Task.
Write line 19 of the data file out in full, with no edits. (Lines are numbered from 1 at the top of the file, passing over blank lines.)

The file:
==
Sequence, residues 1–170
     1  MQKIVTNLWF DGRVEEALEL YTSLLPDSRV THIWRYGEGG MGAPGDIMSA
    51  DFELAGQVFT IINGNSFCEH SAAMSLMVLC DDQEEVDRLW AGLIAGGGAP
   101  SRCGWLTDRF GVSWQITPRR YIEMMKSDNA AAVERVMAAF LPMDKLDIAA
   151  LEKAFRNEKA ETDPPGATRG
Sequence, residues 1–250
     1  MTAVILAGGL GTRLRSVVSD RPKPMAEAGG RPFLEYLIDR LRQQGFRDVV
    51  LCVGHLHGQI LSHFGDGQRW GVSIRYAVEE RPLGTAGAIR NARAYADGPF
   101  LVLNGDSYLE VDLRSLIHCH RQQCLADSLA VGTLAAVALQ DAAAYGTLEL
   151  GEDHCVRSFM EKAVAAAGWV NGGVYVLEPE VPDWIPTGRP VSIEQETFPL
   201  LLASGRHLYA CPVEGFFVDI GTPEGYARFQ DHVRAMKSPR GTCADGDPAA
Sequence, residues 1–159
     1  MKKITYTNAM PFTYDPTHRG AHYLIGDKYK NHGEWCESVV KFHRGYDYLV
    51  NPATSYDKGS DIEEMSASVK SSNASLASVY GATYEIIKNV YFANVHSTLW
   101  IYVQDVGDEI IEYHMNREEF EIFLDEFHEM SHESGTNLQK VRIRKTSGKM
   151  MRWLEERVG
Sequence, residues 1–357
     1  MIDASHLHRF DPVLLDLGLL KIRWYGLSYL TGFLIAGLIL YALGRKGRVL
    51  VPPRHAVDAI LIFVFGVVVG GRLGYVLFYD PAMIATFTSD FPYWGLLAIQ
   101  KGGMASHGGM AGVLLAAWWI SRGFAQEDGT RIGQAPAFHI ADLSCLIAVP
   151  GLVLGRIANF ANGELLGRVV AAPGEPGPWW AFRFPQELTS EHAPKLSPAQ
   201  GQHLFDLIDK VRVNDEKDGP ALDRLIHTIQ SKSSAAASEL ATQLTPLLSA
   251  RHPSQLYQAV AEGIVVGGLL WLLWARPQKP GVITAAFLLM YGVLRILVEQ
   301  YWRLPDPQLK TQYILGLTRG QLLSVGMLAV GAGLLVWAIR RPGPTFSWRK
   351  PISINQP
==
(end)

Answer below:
    51  VPPRHAVDAI LIFVFGVVVG GRLGYVLFYD PAMIATFTSD FPYWGLLAIQ